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Archive for October 17th, 2007

Configure router to pass DHCP requests from local clients to a centralized DHCP server

The traditional role of routers in DHCP has been simply to act as a proxy device, forwarding information between the client and server. Since IOS level 12.0(1)T, Cisco routers also have DHCP server and client features. But the DHCP proxy function is still the most common for routers.

Because the initial DHCP request comes from a client that typically doesn’t have an IP address, it must find the server using a Layer 2 broadcast. So, if the router was not able to function as a proxy for these broadcasts, it would be necessary to put a DHCP server on every network segment.

IP Helper Configuration Example:

Router1#configure terminal 
Enter configuration commands, one per line.  End with CNTL/Z.
Router1(config)#interface Ethernet0
Router1(config-if)#ip helper-address 172.25.1.1
Router1(config-if)#ip helper-address 172.25.10.7
Router1(config-if)#exit
Router1(config)#end
Router1#
NB: 172.25.1.1 and 172.25.10.7 is DHCP server IP Address

 

The DHCP server needs two critical pieces of information before it can allocate an IP address to the client. (more…)

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Wireless Electricity

Goodbye wires…

MIT team experimentally demonstrates wireless power transfer, potentially useful for powering laptops, cell phones without cords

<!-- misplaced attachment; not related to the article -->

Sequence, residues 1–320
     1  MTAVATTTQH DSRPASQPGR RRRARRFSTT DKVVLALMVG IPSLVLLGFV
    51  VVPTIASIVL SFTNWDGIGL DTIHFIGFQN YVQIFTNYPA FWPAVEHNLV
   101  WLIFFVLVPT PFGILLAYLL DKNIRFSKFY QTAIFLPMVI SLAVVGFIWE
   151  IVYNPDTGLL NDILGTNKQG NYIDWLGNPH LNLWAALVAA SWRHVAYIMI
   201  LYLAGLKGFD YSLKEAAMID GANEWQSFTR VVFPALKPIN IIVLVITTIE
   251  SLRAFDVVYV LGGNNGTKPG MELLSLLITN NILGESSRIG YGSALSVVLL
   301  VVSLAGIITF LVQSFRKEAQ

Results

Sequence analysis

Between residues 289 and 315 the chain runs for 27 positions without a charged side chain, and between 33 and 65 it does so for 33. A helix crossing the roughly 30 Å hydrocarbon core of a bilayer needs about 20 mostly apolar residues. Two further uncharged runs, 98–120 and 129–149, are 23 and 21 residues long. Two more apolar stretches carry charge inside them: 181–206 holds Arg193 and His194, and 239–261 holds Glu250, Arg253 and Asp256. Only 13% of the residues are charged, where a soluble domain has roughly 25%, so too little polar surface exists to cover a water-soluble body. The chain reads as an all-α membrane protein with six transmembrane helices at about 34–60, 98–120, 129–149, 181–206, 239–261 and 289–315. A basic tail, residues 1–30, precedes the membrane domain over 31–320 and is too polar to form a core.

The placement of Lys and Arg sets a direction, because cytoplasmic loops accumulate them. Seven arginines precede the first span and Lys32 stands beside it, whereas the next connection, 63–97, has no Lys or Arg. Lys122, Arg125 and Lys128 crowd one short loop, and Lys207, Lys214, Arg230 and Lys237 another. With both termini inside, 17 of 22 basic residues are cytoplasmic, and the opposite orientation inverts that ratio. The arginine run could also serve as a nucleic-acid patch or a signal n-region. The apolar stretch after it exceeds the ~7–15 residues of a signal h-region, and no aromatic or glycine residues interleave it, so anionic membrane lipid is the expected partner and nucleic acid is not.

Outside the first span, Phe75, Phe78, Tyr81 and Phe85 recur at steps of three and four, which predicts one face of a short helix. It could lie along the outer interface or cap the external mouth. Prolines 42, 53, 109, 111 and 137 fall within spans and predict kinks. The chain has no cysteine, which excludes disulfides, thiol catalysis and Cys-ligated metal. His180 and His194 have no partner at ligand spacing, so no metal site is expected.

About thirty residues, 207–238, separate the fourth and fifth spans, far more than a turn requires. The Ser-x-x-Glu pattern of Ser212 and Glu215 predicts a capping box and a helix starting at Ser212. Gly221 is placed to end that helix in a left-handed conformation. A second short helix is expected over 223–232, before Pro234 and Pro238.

Franklin Hadley, Institute for Soldier Nanotechnologies
June 7, 2007

Imagine a future in which wireless power transfer is feasible: cell phones, household robots, mp3 players, laptop computers and other portable electronics capable of charging themselves without ever being plugged in, freeing us from that final, ubiquitous power wire. Some of these devices might not even need their bulky batteries to operate.

A team from MIT’s Department of Physics, Department of Electrical Engineering and Computer Science, and Institute for Soldier Nanotechnologies (ISN) has experimentally demonstrated an important step toward accomplishing this vision of the future.

The team members are Andre Kurs, Aristeidis Karalis, Robert Moffatt, Prof. Peter Fisher, and Prof. John Joannopoulos (Francis Wright Davis Chair and director of ISN), led by Prof. Marin Soljacic.

Realizing their recent theoretical prediction, they were able to light a 60W light bulb from a power source seven feet (more than two meters) away; there was no physical connection between the source and the appliance. The MIT team refers to its concept as “WiTricity” (as in wireless electricity). The work will be reported in the June 7 issue of Science Express, the advance online publication of the journal Science. (more…)

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